Not From That Man…

murder-at-myall-creekI have a lot of respect for books and the written word. I like my books to be (and remain in) the best shape possible.
When I buy a book I closely check the condition and when possible will avoid copies with creases (no matter how small) or other blemishes.

I had Murder at Myall Creek on a bookstore wish-list for some time – and so was excited to find a second hand copy in very good condition for a fraction of the cost.

But before I read it I chose to tear it up and throw it in the recycling bin.

Doing something like that is very out of character for me; but there was a reason.

I saw the author on TV.
He was the Prosecutor in the Keli Lane case and I was not impressed by some of his tactics in that case. [See my previous post]
I decided I couldn’t trust the man and therefore didn’t want to spend time reading his account about a historical mass murder of Aboriginal people.

I’d like to learn about the Myall Creek Massacre, but not from that man.

 

2 + 2 = Variety

Two books plus two films, a diversity of genres and forms, with little in common: all in a weekend’s “work”.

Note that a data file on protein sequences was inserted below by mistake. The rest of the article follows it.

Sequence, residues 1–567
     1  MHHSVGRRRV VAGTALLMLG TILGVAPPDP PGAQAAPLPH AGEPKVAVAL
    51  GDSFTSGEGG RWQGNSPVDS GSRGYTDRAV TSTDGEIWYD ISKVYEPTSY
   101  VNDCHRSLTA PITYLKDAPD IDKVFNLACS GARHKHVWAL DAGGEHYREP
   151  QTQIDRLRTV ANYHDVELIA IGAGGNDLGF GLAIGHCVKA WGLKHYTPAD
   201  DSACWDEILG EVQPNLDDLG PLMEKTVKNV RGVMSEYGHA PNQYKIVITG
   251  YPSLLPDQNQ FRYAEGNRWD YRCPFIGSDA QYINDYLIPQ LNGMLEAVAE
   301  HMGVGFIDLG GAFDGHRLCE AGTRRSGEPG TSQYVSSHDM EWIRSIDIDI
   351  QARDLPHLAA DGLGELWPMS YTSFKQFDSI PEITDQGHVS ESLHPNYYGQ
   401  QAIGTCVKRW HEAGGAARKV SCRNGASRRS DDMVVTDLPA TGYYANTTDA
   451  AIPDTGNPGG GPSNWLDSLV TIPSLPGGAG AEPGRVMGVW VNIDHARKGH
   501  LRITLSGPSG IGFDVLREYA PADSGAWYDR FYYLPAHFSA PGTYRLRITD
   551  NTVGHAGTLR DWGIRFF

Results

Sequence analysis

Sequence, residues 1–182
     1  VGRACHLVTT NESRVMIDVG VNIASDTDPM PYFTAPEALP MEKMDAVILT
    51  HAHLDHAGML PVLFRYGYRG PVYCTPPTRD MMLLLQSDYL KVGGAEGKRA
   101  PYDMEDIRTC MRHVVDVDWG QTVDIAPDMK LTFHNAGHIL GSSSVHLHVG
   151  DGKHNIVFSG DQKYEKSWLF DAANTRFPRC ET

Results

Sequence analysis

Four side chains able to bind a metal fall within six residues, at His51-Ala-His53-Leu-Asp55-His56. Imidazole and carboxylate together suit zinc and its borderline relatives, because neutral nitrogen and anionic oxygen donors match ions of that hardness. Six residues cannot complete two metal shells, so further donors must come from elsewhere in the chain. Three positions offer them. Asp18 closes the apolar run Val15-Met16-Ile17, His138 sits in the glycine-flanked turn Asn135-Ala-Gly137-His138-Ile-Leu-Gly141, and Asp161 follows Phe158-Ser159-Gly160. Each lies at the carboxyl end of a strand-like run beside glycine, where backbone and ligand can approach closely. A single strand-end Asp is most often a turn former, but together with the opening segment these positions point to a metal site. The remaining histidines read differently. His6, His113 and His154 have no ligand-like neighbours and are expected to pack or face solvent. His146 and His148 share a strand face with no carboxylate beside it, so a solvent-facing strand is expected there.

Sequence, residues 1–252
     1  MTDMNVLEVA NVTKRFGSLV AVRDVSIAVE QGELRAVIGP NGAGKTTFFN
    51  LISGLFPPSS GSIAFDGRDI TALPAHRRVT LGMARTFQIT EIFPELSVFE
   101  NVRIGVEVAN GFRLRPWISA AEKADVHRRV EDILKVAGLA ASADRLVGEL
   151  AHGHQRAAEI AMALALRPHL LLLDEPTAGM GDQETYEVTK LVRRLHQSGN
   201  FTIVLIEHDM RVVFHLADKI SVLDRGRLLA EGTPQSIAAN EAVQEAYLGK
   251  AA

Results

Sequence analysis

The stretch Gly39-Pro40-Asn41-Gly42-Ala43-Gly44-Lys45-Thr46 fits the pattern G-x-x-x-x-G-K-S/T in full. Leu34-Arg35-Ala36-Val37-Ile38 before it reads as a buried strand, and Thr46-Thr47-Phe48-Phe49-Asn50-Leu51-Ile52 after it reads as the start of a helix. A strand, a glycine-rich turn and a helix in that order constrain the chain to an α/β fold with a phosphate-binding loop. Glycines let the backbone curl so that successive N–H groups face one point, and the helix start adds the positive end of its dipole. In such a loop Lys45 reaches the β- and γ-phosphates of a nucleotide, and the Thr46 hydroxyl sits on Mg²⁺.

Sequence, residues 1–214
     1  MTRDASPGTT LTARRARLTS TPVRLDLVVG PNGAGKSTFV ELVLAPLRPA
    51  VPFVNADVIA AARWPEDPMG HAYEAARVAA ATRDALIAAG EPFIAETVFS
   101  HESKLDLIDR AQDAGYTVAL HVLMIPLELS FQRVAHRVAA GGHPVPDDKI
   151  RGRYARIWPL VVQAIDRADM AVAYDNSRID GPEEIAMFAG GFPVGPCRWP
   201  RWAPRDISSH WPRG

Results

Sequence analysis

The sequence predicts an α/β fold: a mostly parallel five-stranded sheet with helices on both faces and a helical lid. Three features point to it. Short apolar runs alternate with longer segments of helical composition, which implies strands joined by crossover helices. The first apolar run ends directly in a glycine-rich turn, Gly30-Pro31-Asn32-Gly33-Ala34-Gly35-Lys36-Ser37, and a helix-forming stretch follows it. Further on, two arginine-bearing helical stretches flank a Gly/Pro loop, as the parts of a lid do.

caedmonOn Saturday I finished the last 30 or 40 pages of Peter Robinson’s Caedmon’s Song.
Kirsten is making her way home after celebrating the completion of her studies at a northern university. She wakes in hospital after suffering a horrific attack.
As the months pass, during her slow recovery, several young students are murdered, presumably by the same attacker.
There is pressure to break through the suppression of her memories of her own attack, in the hope of identifying the man and bring his killing to an end.

Alongside Kirsten’s story the book also follows Martha Browne, visiting the northern coastal town of Whitby, claiming to be researching a book, but keen to keep to herself as she plans for some kind of mission aided by her “spirit guides”.

Robinson said that the book was partly inspired by the case of the Yorkshire Ripper, and the question of how a surviving victim of a serial killer might respond to their survival and recovery.

lady Later on Saturday I started reading Lady in Waiting another book that alternates between two stories. In the present day Jane Lindsay is struggling with the seeming breakdown of her marriage, when her husband takes a job in a another city.
In the past there is the story of Lucy Day, a young seamstress working for Lady Jane Grey.

The two stories are brought together by the discovery of a ring hidden in the spine of a centuries old prayer book bought as stock for Jane’s antique shop.
The title “Lady in Waiting”, could be applied to Jane Lindsay, waiting for her husband’s return to the marriage; to Lucy Day, waiting on her Lady Jane; or to Lady Jane herself, waiting to find out the future planned for her by her family.